Clause (ii) of Virginia Code 18.2-266 states:
“It shall be unlawful for any person to drive or operate any motor vehicle, engine or train … (ii) while such person is under the influence of alcohol …”
How can they convict me of drunk driving without a blood or breath test?
Prosecutors sometimes call this conviction you the “old fashion way.” The first DUI law was written in Virginia in 1916 – the same year Virginia mandated Prohibition. The first Virginia breath test “Drunk-o-meter” case on record was in 1953 (though it would take years for breath testing to become commonplace.) In the half century without commonplace chemical testing, police tried to prove intoxication by testifying about the defendant’s slurred speech, swaying, stumbling, bloodshot eyes, etc.
Today, these same clues are often linked with agility exercises (called standardized field sobriety tests) to prove that you are under the influence.
The law says, “It shall be unlawful for any person to drive or operate any motor vehicle, engine or train … (ii) while such person is under the influence of alcohol …” Virginia Code 18.2-266
But, how can you tell when you are drunk? Impaired? Under the influence?
Virginia courts have defined being under the influence as “when that person has consumed enough alcoholic beverages to so affect his manner, disposition, speech, muscular movement, general appearance or behavior, as to be apparent to observation.” Gardner v. Commonwealth, 195 Va. 945, 954, 81 S.E.2d 614, 619 (1954).
That is a really low threshold! When we ask clients in our Questionnaire how they know if they are drunk they usually respond with things like “when I can’t walk straight” which is a lot worse than “muscular movement” is affected. What makes it worse is that the prosecutor will try to show that alcohol affected your muscular coordination by how poorly you did of the field sobriety tests. Without a good defense it doesn’t matter that many people can’t pass those agility tests even when completely sober! When I took the NHTSA Training course in Fairfax, I didn’t pass all the tests – and I was sober!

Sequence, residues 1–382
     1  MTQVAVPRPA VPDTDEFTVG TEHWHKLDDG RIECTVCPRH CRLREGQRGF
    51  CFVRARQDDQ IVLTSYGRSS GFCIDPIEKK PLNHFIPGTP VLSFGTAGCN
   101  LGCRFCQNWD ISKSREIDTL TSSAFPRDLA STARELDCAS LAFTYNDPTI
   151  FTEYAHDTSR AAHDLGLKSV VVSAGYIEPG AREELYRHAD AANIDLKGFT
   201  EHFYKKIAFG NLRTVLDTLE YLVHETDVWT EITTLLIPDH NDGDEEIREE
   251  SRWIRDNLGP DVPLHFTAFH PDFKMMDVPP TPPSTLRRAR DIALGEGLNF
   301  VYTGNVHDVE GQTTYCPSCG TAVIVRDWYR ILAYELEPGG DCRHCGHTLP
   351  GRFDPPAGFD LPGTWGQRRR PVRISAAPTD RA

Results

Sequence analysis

How do I know whether they are trying to convict me based upon my breath test or impairment?
You don’t. The DWI statute states: “A charge alleging a violation of this section shall support a conviction under clauses (i), (ii), (iii), (iv), or (v).” In Virginia, as long as they charge you with a violation of Virginia Code 18.2-266, a judge can convict you of driving at or above a 0.08%, impaired, impaired by drugs, impaired by a combination of drugs and alcohol.
What the law says:
§ 18.2-266. Driving motor vehicle, engine, etc., while intoxicated, etc.
It shall be unlawful for any person to drive or operate any motor vehicle, engine or train (i) while such person has a blood alcohol concentration of 0.08 percent or more by weight by volume or 0.08 grams or more per 210 liters of breath as indicated by a chemical test administered as provided in this article, (ii) while such person is under the influence of alcohol, (iii) while such person is under the influence of any narcotic drug or any other self-administered intoxicant or drug of whatsoever nature, or any combination of such drugs, to a degree which impairs his ability to drive or operate any motor vehicle, engine or train safely, (iv) while such person is under the combined influence of alcohol and any drug or drugs to a degree which impairs his ability to drive or operate any motor vehicle, engine or train safely, or (v) while such person has a blood concentration of any of the following substances at a level that is equal to or greater than: (a) 0.02 milligrams of cocaine per liter of blood, (b) 0.1 milligrams of methamphetamine per liter of blood, (c) 0.01 milligrams of phencyclidine per liter of blood, or (d) 0.1 milligrams of 3,4-methylenedioxymethamphetamine per liter of blood. A charge alleging a violation of this section shall support a conviction under clauses (i), (ii), (iii), (iv), or (v).
For the purposes of this article, the term “motor vehicle” includes mopeds, while operated on the public highways of this Commonwealth.